- Author: Rose Hayden-Smith
I'm writing a quick note on my lunch break about one of my favorite UCCE Master Gardeners, Vance Askew, who passed away last week. Vance, a resident of midtown (and my around-the-corner neighbor) was a fixture at the Loma Vista Elementary gardening projects I ran for six years, the older gentleman with the healthy tan, great attitude and amazing head of hair. If your child attended Loma Vista with Natalie, he/she met and worked with Vance. (He always broke the safety rule about closed toe shoes and wore sandals).
I first encountered Vance, a former Navy pilot, on my evening walks around Anacapa Estates, in 1990. He was often out gardening, and just very friendly. Our friendship developed when I moved from UCSB to the UCCE office in 1992. Vance was a UCCE Master Gardener, and a fixture in the CE Office.
Vance was a frequent visitor in our home, and I was in his home often, mostly in his wonderful backyard, admiring his ability to green the world. When Natalie was born, Vance was an honorary grandfather; remembering birthdays with things pink and Barbie. Vance and Bill shared a strong affinity, as well, comparing notes about orchids and other things they liked to grow. Vance always left bags of things from his garden and yard on our step; he was our first experience with a CSA! His grapefruit was especially impressive.
We shared common interests as gardening enthusiasts and neighbors, including a commitment to our neighborhood school. So I enlisted Vance for practical and moral support when I decided to start a weekly garden program at Loma Vista Elementary School when Natalie was in kindergarten (I continued this program for six years, and it was one of the most rewarding activities I've ever done. I miss it tremendously). Gardening days would inevitably induce panic...there were a lot of kids, and managing lots of kids in a garden can be challenging. What I'd planned would seem woefully inadequate. I'd call Vance, and he'd ALWAYS say: "Never Fear! The Master Gardener Is Here!" And I would be assured and confident. And his beat up old gold truck (still in front of his house) would appear at either my house or Loma Vista and away we'd go.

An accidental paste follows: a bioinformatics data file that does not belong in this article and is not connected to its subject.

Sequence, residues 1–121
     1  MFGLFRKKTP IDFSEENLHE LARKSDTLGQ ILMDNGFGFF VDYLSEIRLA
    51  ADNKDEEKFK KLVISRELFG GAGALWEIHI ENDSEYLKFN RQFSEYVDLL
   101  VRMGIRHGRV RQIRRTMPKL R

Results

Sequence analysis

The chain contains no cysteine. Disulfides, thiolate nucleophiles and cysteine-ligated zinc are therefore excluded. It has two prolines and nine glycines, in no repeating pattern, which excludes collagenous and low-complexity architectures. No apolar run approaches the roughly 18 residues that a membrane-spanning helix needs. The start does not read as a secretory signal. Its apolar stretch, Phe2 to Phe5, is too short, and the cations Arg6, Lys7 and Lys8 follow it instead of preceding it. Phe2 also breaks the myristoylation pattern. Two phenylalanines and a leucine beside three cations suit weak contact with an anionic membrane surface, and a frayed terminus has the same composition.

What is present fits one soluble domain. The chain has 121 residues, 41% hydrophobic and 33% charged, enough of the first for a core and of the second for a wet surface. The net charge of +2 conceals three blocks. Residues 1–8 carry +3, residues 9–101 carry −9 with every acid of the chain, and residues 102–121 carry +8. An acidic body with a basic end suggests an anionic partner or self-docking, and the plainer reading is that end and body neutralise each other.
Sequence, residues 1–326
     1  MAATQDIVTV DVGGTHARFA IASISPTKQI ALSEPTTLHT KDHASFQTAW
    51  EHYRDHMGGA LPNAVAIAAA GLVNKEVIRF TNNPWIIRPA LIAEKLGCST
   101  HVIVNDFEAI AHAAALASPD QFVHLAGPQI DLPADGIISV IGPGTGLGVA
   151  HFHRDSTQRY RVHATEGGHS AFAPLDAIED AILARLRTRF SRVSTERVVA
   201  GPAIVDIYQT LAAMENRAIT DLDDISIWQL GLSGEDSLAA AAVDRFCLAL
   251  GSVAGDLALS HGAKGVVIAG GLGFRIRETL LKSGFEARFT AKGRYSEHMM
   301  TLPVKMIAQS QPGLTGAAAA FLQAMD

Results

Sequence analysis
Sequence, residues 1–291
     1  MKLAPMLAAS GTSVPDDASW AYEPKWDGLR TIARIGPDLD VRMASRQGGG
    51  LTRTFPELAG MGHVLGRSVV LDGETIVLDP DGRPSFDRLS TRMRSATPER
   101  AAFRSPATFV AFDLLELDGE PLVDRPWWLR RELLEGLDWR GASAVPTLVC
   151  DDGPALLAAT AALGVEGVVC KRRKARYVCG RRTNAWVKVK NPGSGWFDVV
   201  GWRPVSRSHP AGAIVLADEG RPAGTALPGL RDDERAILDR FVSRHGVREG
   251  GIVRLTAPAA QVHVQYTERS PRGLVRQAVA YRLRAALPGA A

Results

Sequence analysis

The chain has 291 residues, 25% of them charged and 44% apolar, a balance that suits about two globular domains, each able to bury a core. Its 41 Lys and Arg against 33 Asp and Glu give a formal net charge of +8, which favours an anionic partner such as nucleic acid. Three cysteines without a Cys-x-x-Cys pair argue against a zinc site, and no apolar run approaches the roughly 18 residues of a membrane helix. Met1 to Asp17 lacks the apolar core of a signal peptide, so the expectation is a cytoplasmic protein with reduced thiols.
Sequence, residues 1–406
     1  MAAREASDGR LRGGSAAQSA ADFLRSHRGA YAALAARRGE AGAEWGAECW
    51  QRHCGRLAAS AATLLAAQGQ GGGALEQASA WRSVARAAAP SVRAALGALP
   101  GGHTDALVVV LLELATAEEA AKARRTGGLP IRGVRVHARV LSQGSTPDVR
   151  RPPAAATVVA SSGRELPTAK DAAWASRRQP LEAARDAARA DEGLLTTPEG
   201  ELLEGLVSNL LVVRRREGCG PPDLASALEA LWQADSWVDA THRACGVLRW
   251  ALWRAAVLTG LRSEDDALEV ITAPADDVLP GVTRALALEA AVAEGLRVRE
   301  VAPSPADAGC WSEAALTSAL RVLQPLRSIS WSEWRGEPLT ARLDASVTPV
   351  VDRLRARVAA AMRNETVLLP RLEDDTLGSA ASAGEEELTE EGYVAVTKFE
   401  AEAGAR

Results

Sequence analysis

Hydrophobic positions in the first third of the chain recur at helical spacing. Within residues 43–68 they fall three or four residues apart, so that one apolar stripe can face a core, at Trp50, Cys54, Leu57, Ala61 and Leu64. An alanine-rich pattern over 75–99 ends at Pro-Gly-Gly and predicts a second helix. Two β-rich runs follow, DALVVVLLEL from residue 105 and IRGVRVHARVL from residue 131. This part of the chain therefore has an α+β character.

Each year, Vance helped us rototill the school beds, and would also help out at individual sessions. Along the way he remarried, and his childhood friend and new wife, Marva, sometimes came out to help us at Loma Vista as well. His health began to really decline a couple of years ago. Bill and I bought our own rototiller and turned the beds for Mrs. Oeschner's 4th grade garden, and I rototilled the beds for Mr. Peterson's 5th grade class garden all on my own. I gardened mostly on my own those last two years, but Vance was a presence that buoyed my confidence as I began to develop my own style as a garden educator.
Recently, Vance had split his time between Marva's home in Pacific Grove and his house on San Roque. He died up north; his memorial service will be at St. Paul's Episcopal Church (in midtown, across from the Ventura County Medical Center) at 1:00 p.m. on Saturday, January 24th, with Fr. Jerome Kahler officiating. As Vance was a lifetime member of our local Master Gardener program, I expect that there will be lots of gardening volunteers in attendance.
Vance led a long and incredibly full life. I'm saddened by his passing. I will miss him immensely. But Vance would argue that death is part of the essential nature of any garden, of any life. Renewal requires a death of some sort, whether physical, or simply the loss of a dream, a relationship, a potential. There is a season for everything. We go on, taking from our experiences - perhaps, especially, the painful ones - the lessons that will inform our journey, and the memories that keep us connected to what has passed.
Ironically, as I've moved onto a larger stage in my efforts to encourage a revival of school, home and community gardening in America, I've had less time to tend to my own gardening efforts. This weekend, I hope to get something in, something simple, maybe evoking the first projects we did with a Loma Vista kindergarten class in recycled avocado bins.
Never Fear. The Master Gardener is Here!
"A Garden for Everyone. Everyone in a Garden."